“After a century of wielding extraordinary economic and political power, petroleum giants face a reckoning for causing the greatest existential threat of our lifetimes but that may no be enough,” said McCormick. “An unprecedented wave of lawsuits, filed by cities and states across the US, seek to hold the oil and gas industry to account for the environmental devastation caused by fossil fuels – and covering up what they knew along the way.”
Environmentalist Bill McKibben characterized the fossil fuel industry’s behavior as “the most consequential cover-up in US history” as new revelations show a 1979 Exxon study said that burning fossil fuels “will cause dramatic environmental effects” in the coming decades.
This dire news has not yet cost the oil giants any significant amount of money.
ExxonMobil’s profit last year was $55.7 billion, the most money ever earned by a Western oil company.
Chevron announced recently that it brought in a record-shattering $35.5 billion in profits in 2022, a sum that campaigners said highlights just how much the company benefited from global energy market chaos spurred by Russia’s war on Ukraine.
“Our forecast for global consumption of petroleum depends on uncertain economic conditions—especially in China,” said EIA Administrator Joe DeCarolis. “How China’s economy changes following its reopening from pandemic lockdowns could have a significant impact on global consumption of petroleum products.”
Other key takeaways from the January 2023 STEO forecast include:
- U.S. gasoline prices are largely tied to crude oil, and EIA expects significant price decreases at the pump compared with 2022. EIA forecasts U.S. gasoline prices to average around $3.30 per gallon in 2023 and $3.10 per gallon in 2024. “Lower crude oil prices are one reason we expect lower gasoline prices, but we also expect that reduced refinery margins will contribute to gasoline prices coming down from 2022 highs,” DeCarolis said.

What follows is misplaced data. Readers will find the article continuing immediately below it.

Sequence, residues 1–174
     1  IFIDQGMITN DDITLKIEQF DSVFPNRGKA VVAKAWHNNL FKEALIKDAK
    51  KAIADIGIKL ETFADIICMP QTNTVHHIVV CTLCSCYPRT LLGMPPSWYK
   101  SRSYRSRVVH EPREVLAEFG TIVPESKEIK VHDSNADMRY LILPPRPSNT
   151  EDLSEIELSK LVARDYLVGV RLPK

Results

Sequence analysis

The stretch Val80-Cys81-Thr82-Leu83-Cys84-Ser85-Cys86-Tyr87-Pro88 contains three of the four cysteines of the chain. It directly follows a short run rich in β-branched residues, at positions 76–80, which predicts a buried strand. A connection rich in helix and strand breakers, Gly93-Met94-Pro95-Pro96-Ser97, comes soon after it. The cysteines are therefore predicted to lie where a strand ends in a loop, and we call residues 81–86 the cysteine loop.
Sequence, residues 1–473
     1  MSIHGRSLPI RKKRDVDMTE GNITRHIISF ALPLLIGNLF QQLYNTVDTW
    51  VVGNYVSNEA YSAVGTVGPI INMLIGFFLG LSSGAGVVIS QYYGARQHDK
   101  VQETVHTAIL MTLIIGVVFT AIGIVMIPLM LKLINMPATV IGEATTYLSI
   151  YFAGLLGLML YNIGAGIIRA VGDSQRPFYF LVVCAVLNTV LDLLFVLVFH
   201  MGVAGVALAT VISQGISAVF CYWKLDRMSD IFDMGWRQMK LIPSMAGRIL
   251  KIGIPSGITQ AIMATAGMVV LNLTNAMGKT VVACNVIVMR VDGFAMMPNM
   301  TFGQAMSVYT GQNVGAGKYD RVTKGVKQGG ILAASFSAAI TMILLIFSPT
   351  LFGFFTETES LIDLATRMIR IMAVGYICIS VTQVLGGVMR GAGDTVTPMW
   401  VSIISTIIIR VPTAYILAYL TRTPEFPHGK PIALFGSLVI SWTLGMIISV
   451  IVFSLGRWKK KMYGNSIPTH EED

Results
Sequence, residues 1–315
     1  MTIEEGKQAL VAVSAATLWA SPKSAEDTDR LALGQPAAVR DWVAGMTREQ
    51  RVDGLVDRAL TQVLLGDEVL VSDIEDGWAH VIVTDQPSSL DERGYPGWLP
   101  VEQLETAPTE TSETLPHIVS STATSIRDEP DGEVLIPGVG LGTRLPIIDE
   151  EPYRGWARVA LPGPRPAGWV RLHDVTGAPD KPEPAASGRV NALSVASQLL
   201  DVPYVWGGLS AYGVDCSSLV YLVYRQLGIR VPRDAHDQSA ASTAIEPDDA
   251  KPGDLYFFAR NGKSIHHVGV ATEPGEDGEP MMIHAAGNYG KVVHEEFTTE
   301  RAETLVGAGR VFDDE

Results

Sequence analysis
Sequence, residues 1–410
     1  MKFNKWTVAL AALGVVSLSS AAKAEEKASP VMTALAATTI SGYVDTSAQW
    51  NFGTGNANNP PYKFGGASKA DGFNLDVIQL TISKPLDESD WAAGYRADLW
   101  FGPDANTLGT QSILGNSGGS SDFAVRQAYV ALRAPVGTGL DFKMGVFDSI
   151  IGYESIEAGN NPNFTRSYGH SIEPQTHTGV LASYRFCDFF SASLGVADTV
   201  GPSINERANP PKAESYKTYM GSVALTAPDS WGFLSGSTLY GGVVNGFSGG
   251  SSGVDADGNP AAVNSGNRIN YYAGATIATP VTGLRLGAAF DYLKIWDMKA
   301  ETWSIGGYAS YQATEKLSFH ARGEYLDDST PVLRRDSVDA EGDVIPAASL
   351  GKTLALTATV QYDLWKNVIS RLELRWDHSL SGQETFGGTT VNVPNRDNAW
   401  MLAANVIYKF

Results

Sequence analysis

- EIA expects U.S. natural gas prices to decrease, on average, through 2023 and 2024 as domestic production continues to grow. EIA also expects additional growth in U.S. liquefied natural gas (LNG) exports as global demand remains strong and more U.S. LNG export facilities come online. “The natural gas market is particularly uncertain, but we expect that U.S. natural gas production will establish new record highs in both 2023 and 2024, leading to lower domestic prices,” DeCarolis said.
- EIA expects the share of U.S. electricity generated from coal to decrease from 20% in 2022 to 18% in 2023 and then to 17% in 2024. The share of renewable energy as a source for electricity generation in the United States continues to increase, reaching 26% of total generation in 2024. About two-thirds of the forecast increase in renewables generation comes from new utility-scale solar photovoltaic capacity, and most of the rest is from new wind projects.
The full January 2023 STEO is available on the EIA website and includes EIA’s first forecasts for 2024.
A group of 34 Republican senators said on Thursday they would seek to overturn U.S. Environmental Protection Agency (EPA) rules that aim to drastically cut smog- and soot-forming emissions from heavy-duty trucks.